Although Court Services does not keep statistics on show cause hearings, respondents indicated that the vast majority of show cause hearings are heard in Whitehorse before a justice of the peace. This pattern occurs for one or more of the following reasons: 1) in a given community there is no JP who can conduct a show cause hearing; 2) there is no facility in which to detain the accused person on an around the clock basis, and/or 3) the lawyer is unwilling to conduct a show cause by phone (see below). If a telephone show cause hearing cannot be arranged and there is a strong likelihood that the person will continue to be detained, he/she will be flown to Whitehorse for the show cause. Detained persons who are subsequently released are often without resources, but have to make their way back to their communities at their own expense. This situation is clearly distressing for the charged individual, and, in some cases, is felt to lead to further crimes. The problem is still under active consideration by several parties in the social and criminal justice systems, but is largely beyond the purview of the legal aid system.
Approximately 10 percent of show cause hearings are done by a telephone conference call involving the JP (either in the community or, more frequently, in Whitehorse), RCMP, Crown, defence counsel and the accused. Some respondents felt this system was inadequate for proper representation because disclosure was often not made until moments before the call; because it was not possible to speak separately with the client; and because it was difficult to assess client comprehension by phone. One respondent said he would refuse to do telephone show causes, and would insist that the client be brought to Whitehorse.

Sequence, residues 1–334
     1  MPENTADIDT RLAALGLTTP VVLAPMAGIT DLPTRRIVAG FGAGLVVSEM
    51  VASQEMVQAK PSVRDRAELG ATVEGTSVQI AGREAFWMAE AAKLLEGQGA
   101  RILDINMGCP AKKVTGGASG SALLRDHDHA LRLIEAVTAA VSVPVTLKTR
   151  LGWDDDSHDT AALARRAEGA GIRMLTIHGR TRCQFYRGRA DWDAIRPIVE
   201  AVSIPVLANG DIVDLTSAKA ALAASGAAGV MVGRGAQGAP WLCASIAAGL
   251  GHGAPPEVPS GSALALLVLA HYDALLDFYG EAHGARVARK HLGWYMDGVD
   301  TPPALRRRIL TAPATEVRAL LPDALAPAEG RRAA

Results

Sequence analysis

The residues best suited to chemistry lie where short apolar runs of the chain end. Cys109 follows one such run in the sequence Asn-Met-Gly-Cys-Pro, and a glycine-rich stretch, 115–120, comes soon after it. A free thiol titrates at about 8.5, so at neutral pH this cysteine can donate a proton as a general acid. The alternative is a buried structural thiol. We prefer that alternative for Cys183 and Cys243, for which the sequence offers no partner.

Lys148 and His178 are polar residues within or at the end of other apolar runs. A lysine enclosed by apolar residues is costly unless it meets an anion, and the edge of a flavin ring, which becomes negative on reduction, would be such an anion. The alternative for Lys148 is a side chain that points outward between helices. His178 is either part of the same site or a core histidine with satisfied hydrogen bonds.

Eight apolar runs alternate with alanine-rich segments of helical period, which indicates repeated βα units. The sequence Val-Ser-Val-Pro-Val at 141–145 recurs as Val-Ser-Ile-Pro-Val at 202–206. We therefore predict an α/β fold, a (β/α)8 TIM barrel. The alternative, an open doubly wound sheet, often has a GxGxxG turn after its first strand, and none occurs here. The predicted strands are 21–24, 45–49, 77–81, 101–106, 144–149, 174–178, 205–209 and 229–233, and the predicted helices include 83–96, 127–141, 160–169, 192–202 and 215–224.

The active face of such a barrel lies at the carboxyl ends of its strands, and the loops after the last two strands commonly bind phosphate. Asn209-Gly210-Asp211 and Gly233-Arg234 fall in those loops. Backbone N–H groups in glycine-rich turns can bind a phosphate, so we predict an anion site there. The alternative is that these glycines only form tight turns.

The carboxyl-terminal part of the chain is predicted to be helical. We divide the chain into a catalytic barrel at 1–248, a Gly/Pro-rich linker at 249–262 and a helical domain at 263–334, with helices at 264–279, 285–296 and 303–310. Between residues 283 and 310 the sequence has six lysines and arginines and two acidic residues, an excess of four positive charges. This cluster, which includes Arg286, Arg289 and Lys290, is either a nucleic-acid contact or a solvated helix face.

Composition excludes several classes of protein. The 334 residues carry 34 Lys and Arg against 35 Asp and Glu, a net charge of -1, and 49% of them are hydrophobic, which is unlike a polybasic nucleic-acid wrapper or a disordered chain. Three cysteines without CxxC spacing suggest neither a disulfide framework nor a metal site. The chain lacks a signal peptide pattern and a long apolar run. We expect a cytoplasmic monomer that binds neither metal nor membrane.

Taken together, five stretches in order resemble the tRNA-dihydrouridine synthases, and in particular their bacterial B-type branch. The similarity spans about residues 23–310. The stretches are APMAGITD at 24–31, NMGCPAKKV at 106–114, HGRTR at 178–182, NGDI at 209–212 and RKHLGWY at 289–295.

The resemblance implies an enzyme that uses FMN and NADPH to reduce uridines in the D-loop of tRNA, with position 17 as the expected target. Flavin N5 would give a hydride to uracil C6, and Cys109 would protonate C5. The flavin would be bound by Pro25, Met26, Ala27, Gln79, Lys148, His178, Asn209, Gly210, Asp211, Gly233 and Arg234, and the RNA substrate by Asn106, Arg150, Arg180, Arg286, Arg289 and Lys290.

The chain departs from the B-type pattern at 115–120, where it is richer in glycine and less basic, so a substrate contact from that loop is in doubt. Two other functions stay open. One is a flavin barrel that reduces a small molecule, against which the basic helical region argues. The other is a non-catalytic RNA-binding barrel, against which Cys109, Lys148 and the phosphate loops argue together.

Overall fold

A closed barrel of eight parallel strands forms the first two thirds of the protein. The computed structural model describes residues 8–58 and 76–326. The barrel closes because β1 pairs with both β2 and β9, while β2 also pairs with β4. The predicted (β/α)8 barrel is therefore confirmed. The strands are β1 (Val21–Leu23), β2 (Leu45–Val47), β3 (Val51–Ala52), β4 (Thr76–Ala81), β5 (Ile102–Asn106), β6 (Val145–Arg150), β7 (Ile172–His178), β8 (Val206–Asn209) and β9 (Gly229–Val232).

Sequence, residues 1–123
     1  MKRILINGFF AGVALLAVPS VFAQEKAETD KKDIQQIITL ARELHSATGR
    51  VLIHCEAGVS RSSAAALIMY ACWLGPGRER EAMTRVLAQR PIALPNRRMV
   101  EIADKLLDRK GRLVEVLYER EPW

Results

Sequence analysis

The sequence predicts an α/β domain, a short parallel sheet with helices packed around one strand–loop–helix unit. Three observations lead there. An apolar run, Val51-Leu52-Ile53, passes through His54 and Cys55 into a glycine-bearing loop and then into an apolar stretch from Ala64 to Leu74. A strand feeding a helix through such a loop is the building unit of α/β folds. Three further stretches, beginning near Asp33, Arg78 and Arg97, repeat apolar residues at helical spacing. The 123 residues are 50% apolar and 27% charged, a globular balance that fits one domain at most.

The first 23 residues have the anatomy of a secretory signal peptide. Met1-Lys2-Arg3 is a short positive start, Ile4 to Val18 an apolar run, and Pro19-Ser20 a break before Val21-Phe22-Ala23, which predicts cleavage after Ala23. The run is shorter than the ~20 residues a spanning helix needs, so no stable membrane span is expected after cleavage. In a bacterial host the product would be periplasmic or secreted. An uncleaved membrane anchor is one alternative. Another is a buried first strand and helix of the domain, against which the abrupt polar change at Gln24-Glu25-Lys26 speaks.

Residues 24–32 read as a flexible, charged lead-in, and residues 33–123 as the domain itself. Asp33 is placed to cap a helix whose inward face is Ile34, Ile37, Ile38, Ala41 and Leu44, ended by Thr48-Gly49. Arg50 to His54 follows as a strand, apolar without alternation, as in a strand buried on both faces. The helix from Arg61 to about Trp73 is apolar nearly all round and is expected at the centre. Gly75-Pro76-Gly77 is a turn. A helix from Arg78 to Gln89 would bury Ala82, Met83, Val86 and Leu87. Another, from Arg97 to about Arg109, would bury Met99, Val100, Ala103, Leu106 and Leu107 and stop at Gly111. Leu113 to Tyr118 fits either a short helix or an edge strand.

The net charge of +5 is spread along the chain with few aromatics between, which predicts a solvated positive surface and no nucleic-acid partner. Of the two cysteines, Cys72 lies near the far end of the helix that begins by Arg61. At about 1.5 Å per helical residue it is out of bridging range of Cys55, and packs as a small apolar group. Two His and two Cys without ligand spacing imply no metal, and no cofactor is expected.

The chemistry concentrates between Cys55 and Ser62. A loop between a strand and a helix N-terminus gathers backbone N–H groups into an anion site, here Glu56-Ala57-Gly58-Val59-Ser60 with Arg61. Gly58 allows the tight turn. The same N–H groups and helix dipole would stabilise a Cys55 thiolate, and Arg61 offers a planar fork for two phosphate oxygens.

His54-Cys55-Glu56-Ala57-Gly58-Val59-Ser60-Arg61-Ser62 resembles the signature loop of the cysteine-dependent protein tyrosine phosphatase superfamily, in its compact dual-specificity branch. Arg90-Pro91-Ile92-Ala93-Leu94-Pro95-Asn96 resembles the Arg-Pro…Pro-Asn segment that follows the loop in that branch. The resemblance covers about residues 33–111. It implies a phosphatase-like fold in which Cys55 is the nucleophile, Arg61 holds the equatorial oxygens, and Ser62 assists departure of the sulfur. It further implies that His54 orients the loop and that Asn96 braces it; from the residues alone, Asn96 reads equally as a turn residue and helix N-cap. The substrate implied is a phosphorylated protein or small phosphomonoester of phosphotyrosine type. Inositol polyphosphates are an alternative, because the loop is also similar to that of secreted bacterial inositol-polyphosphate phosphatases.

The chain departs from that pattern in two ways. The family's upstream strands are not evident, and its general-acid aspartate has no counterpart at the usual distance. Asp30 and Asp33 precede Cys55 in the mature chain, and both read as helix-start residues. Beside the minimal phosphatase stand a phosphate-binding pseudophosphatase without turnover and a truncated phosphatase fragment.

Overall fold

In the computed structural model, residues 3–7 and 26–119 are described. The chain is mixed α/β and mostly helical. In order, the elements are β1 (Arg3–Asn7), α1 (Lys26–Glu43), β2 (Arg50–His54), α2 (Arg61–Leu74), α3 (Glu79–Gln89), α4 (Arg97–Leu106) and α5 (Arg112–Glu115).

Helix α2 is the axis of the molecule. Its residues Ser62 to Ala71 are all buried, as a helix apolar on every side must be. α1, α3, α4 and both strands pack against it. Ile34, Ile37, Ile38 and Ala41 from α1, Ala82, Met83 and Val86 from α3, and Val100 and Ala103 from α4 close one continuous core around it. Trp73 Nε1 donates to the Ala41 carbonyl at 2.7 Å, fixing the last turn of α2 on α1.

- Delay in receiving disclosure.
Several respondents claimed that Crown disclosure often occurs at the last moment, leaving defence inadequate time to consult with and receive information from clients, and necessitating an adjournment of the show cause.
- Lack of summary advice.
It appears that duty counsel offer differing levels of client support to persons who may already have appeared in court (i.e., are not at first appearance). Some will offer whatever summary advice they can to any accused person who requests services, and make referrals, if appropriate, to YPLEA. They feel that if defence counsel are already in court and are able to assist an individual in other ways, they have an ethical obligation to do so (see also comments regarding the wider range of assistance offered on circuits, Section 3.2). Others take a narrower view and limit their advice and assistance to case-related matters for arrested and detained persons, representation in show cause hearings, and assistance with adjournments pending a legal aid application.
- Choice of counsel.
One respondent felt that clients do not get any choice of counsel, because duty counsel will automatically follow through with clients they have served as duty counsel, even if an individual has used the services of another lawyer on a previous occasion. The YLSS executive director states that, in fact, if a client has previously used and prefers a given lawyer who does legal aid work, he/she will be assigned that lawyer whenever possible.
- Lack of telephone in duty counsel room in Whitehorse.
One respondent felt that it was an impediment not to have a phone in the Whitehorse duty counsel room. It can be difficult to manage logistics, especially if the duty counsel lawyer has cases in both JP and Territorial courts.